How capital gains tax affects buy-to-let

As a landlord, you’ll be looking to make a healthy profit when it comes to selling your buy-to-let property. However, there’s also capital gains tax (CGT) to consider. Here’s a look at how capital gains tax affects buy-to-let and what you can do to help reduce the amount of CGT you’ll need to pay. 

As a landlord, you’ll be looking to make a healthy profit when it comes to selling your buy-to-let property. However, there’s also capital gains tax (CGT) to consider. Here’s a look at how capital gains tax affects buy-to-let and what you can do to help reduce the amount of CGT you’ll need to pay. 

Emily Kindness
Business insurance expert
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Posted 10 JUNE 2022

How capital gains tax affects buy-to-let

If you’re a buy-to-let landlord, you’ll need to know about the implications of capital gains tax (CGT) when it’s time to sell your property.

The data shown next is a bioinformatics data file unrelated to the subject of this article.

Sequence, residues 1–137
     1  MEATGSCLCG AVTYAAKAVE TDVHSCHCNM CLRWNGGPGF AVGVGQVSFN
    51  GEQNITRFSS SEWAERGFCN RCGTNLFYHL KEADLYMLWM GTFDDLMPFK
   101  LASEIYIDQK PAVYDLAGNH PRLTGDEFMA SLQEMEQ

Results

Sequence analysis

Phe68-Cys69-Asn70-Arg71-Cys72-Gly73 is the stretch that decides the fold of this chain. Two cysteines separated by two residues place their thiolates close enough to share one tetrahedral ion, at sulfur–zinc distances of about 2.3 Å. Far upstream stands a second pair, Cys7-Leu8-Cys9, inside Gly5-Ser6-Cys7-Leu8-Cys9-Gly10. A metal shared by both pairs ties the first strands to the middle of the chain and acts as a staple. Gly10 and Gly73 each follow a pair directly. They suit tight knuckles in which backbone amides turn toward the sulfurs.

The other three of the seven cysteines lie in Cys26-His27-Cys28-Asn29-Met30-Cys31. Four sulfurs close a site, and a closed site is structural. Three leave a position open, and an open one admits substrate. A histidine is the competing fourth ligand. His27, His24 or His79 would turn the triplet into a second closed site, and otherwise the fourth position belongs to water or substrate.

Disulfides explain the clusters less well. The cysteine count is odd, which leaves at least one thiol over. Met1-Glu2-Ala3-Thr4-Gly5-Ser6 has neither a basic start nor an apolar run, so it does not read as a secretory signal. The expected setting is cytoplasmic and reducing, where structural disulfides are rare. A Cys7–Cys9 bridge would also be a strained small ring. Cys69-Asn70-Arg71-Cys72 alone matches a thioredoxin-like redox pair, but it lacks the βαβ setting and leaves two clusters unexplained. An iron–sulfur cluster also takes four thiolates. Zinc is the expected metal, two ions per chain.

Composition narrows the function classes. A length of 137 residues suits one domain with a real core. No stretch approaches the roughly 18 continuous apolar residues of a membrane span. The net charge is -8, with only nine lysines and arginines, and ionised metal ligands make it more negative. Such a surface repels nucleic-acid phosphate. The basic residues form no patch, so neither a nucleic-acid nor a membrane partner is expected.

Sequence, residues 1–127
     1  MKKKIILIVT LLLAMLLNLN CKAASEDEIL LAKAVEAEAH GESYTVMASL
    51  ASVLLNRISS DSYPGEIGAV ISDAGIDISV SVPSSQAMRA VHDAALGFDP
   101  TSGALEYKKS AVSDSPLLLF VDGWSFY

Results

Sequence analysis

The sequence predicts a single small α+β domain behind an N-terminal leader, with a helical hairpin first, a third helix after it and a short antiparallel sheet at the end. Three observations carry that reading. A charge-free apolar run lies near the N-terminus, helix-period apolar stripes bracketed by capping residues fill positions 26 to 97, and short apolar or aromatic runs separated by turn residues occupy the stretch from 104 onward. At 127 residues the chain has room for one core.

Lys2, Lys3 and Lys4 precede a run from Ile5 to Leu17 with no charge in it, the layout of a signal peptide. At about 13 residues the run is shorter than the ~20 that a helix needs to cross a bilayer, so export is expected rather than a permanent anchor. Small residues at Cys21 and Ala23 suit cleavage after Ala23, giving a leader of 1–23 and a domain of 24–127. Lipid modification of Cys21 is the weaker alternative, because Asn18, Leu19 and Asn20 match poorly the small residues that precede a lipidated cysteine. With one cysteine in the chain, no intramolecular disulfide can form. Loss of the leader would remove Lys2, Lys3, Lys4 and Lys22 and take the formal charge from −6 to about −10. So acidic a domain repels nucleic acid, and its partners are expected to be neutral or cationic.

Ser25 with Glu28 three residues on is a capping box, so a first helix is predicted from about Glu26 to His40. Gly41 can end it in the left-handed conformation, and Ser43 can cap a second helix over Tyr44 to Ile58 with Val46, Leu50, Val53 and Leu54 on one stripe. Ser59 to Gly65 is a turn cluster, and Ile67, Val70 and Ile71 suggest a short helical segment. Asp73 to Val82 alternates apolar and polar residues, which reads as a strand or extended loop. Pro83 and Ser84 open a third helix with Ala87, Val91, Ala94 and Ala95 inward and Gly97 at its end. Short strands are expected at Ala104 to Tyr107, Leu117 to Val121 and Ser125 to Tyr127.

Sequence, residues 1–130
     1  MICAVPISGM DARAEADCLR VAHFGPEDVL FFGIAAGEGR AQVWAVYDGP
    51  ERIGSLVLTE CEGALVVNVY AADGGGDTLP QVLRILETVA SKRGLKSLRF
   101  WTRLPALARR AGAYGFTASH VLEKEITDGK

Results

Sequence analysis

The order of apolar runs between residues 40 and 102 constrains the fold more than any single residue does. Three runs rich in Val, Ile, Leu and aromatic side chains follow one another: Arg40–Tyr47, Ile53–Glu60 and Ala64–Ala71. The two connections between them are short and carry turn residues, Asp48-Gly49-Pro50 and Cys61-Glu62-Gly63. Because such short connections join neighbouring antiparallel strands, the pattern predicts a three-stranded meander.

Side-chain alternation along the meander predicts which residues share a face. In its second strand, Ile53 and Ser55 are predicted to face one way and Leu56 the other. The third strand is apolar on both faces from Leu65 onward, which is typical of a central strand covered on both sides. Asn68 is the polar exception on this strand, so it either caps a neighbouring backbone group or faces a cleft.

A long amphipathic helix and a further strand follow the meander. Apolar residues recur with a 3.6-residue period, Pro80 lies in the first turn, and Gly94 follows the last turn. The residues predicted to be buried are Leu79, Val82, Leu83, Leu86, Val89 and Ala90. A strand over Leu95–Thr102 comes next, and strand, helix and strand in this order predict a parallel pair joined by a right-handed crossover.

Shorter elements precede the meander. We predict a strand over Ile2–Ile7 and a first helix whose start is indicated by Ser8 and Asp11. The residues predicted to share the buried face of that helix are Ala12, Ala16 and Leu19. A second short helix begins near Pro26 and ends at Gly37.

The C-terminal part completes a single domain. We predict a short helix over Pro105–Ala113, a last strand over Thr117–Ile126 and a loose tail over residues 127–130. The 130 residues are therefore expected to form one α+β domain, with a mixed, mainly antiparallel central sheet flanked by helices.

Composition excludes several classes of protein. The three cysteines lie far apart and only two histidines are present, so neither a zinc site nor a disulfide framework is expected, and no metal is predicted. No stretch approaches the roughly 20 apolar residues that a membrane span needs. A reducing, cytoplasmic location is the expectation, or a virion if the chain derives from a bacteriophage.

Buy-to-let properties are subject to CGT on the profit – or capital gain – you make when the property is sold. In other words, if you sell your property for more than you bought it. 

What is Capital Gains Tax?

Capital gains tax (CGT) is a tax on the profit you make when you sell a property or other asset that’s increased in value.  

CGT is only applied to the ‘profit’ you make, not the total value of your asset.  

You won’t need to pay CGT if you’re selling your main home, but you may be taxed on some or all of the profit you make when selling a buy-to-let property.  

However, you do have a capital gains tax-free allowance – currently £12,300 for 2022/2023 – so you only have to pay CGT if the profit you make is more than that.  

What is a buy-to-let mortgage?

A buy-to-let mortgage is a mortgage for people who want to buy a property and rent it out, rather than live in it as their main home.